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The Employment and Output Effects of Short-Time Work in Germany

Listed author(s):
  • Russell Cooper
  • Moritz Meyer
  • Immo Schott

We study the employment and output effects of the short-time work (STW) policy in Germany between 2009 and 2010. This intervention facilitated reductions in hours worked per employee with the goal of preventing layoffs. Using confidential German micro-level data we estimate a search model with heterogeneous multi-worker firms as a basis for policy analysis. Our findings suggest that STW can prevent increases in unemployment during a recession. However, the policy leads to a decrease in the allocative efficiency of the labor market, resulting in significant output losses. These effects arise from a reduction in the vacancy filling rate resulting from the policy intervention.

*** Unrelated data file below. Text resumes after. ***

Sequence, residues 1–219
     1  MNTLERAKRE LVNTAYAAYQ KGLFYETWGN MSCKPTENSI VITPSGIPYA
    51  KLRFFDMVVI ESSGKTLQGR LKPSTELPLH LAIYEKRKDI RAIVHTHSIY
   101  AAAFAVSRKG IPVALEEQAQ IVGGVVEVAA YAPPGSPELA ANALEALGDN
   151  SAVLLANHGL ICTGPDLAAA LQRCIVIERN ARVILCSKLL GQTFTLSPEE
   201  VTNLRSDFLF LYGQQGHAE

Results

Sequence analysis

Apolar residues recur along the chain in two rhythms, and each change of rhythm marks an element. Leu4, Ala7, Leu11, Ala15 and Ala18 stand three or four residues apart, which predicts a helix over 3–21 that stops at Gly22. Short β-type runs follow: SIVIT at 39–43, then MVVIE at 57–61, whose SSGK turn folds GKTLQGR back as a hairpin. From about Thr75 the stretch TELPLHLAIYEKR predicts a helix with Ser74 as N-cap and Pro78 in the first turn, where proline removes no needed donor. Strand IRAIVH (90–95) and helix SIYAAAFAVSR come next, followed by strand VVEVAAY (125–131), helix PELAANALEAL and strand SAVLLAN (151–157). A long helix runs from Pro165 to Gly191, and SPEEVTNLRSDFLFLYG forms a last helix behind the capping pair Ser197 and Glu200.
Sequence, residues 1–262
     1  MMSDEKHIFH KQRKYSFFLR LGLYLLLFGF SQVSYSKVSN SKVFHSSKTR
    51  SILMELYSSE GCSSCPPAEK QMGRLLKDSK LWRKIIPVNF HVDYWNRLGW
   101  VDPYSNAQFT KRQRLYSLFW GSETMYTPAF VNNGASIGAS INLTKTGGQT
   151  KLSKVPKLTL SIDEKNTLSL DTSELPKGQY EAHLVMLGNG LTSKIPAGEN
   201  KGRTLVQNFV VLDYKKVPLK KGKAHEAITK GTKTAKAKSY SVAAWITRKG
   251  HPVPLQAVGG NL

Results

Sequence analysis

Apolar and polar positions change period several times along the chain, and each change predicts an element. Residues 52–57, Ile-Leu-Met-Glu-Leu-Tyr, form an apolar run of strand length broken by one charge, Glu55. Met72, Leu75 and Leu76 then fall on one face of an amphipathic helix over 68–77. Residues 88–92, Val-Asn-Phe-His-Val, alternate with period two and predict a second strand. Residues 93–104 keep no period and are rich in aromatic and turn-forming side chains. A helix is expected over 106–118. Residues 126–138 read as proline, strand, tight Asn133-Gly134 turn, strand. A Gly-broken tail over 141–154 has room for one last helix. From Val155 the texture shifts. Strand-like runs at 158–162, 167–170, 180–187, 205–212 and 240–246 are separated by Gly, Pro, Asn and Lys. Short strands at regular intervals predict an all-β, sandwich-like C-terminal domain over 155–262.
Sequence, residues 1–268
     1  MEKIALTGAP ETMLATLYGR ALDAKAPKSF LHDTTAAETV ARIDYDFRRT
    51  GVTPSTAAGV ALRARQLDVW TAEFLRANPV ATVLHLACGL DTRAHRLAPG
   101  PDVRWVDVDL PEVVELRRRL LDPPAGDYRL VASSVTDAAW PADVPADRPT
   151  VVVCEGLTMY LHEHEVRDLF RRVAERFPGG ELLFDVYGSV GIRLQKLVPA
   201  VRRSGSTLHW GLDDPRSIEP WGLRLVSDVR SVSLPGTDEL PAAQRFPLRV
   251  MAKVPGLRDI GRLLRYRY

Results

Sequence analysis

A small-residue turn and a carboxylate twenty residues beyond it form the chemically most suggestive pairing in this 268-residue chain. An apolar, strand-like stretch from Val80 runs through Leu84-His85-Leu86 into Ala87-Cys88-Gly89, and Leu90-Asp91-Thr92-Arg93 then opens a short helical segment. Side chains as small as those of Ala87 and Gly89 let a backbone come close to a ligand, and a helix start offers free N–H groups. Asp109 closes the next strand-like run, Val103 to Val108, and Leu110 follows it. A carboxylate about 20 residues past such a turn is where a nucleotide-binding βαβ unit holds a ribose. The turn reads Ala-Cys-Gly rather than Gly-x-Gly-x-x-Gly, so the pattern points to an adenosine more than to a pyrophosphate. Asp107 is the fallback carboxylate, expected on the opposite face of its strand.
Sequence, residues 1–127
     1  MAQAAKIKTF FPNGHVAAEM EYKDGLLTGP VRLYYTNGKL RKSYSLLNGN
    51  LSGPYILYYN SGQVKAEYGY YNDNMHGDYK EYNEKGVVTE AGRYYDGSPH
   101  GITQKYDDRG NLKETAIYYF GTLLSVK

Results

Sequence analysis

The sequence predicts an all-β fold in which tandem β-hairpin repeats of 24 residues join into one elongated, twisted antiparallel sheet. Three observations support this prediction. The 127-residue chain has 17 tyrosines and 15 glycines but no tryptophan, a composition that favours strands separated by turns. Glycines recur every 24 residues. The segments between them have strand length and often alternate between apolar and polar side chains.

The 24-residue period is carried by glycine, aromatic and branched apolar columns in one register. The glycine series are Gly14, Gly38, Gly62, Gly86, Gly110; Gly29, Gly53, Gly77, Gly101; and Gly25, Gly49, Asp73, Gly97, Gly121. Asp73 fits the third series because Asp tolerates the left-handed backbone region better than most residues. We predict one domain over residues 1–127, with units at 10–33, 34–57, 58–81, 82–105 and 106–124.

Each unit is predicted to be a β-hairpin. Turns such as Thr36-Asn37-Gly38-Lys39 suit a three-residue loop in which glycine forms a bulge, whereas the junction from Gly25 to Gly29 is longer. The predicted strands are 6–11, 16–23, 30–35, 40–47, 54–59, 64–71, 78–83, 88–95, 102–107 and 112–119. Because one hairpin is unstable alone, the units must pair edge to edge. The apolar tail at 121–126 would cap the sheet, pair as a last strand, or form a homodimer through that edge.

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Paper provided by National Bureau of Economic Research, Inc in its series NBER Working Papers with number 23688.

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Date of creation: Aug 2017
Handle: RePEc:nbr:nberwo:23688
Note: EFG
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  1. Balleer, Almut & Gehrke, Britta & Lechthaler, Wolfgang & Merkl, Christian, 2016. "Does short-time work save jobs? A business cycle analysis," European Economic Review, Elsevier, vol. 84(C), pages 99-122.
  2. Kohlbrecher, Britta & Merkl, Christian & Nordmeier, Daniela, 2016. "Revisiting the matching function," Journal of Economic Dynamics and Control, Elsevier, vol. 69(C), pages 350-374.
  3. Russell W. Cooper & Immo Schott, 2013. "Capital Reallocation and Aggregate Productivity," NBER Working Papers 19715, National Bureau of Economic Research, Inc.
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